The Owensboro Police Department’s leadership team is having to take on extra tasks because of vacancies in the command staff.
The department has been without a deputy chief since 2019. OPD’s support services division, which handles duties such as training, accreditation and public information, has been without a major leading the division since last year.
Police Chief Art Ealum said the agency has had to hold off on promoting people into command staff positions because the agency doesn’t want to take officers needed in the city off patrol.
“We try to make sure we have as many people as possible to respond to calls on the street,” Ealum said. “But, not filling the command staff (positions) puts a lot of pressure on the existing command staff.”
Ealum said in 2019 he had considered retiring, but opted to stay on to help develop OPD’s next command staff. Ealum said last week that the department’s command staff is stretched thin and is splitting up duties that would normally be handled by a major leading support services.
“We have been able to disseminate all of those tasks” normally handled by a major in support services, to assist the lieutenant currently in command of the division, Ealum said.
“It makes everyone work harder to accomplish the mission,” he said.
The lieutenant in support services, Tristan Russelburg, is project manager for the implementation of the new computer-aided system in the 911 dispatch center, which is one of the department’s major projects this year.
Law enforcement recruiting state and nationwide has been affected by public opinion about the profession in recent years. Calls of police reform followed national incidents, like the deaths of George Floyd in Minneapolis and the shooting to Breonna Taylor, who was shot in her home last year by Louisville police officers.
“The negativity case on law enforcement as a whole, I can’t think of any other (profession) that experiences it,” Ealum said.
“I’m sure it weighs on people’s minds” at the department, he said. “We had an officer resign his position who went to drive a school bus. The demands of the job are so great that people struggle with that.”
The department is working to build its numbers.
“We are constantly trying to recruit and hire people,” Ealum said. “We have slots reserved in the police academy in the hope we can fill those positions.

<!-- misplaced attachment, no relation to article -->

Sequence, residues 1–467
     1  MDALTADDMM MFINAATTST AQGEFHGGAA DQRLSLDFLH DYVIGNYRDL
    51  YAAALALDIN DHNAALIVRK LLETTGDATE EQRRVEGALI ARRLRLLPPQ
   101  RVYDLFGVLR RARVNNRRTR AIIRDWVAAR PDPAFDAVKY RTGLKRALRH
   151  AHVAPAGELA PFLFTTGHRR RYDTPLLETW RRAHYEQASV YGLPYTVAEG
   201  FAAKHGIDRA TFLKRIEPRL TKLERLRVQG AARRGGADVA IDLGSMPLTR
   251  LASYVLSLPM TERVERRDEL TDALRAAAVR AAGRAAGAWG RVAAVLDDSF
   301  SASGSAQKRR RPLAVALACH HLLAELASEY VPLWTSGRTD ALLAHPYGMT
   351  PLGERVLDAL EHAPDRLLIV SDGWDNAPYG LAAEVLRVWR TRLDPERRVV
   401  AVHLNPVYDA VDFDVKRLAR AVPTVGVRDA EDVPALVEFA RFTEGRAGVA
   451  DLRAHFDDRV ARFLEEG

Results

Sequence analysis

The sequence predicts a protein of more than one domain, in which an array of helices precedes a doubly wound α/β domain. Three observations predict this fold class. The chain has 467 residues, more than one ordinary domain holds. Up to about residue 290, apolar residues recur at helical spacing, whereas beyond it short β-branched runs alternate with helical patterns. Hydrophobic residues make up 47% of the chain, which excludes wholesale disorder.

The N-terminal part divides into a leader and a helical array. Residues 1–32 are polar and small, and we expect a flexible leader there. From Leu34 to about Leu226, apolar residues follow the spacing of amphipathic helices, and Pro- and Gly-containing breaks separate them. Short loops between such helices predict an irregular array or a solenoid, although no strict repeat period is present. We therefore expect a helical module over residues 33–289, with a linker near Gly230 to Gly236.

“I think officers on the street need to see we are very proactive” in working to fill positions.
Recruiting is a challenge.
“Some people apply, and they never show up” after being called for testing, Ealum said.
The department isn’t currently looking at promoting a major for support services, or a deputy chief, because the focus is on making sure the patrol divisions are covered, Ealum said.
If promotions meant someone was promoted out of patrol, “the community is going to miss out on officers,” and other patrol officers will have to work overtime to fill the gap, Ealum said. “We have to protect the physical and mental health of our officers. The backbone of the police department is patrol.”
Regarding leadership, Ealum said the agency has continued create opportunities for officers to gain skills. For example, Major J.D. Winker graduated from the FBI national law enforcement academy just prior to last year’s pandemic shutdowns, and Sgt. Courtney Yerington graduated from the Southern Police Institute’s administrative officer’s program in May.
“We are still being able to offer people opportunities in leadership,” Ealum said.
Officers in leadership roles also are moved to different posts, to gain a wide variety of experience, Ealum said.
“We try to move people around to where they can get experience with different assignments, (which) makes a more well-rounded officer,” he said. “But it’s difficult with limited numbers.”
Although the command staff is short-handed, Ealum said he believes the department has the right people in place.
“I’m confident everybody is where they need to be, in terms of performance,” Ealum said. “I don’t think leadership is about entitlement. It’s about performance and what you can do.
“There are sacrifices you make. Before anyone delves into this role, people have to understand these are not 8 to 5 jobs. I think we’ve got a core group that understands that.
“I’m proud to be here, working with some of the best talent in the state of Kentucky, if not the country. They want to be here for the right reasons ... .
“It’s an honor to work with those individuals and be a part of their development in the organization.”
James Mayse, 270-691-7303, firstname.lastname@example.org, Twitter: @JamesMayse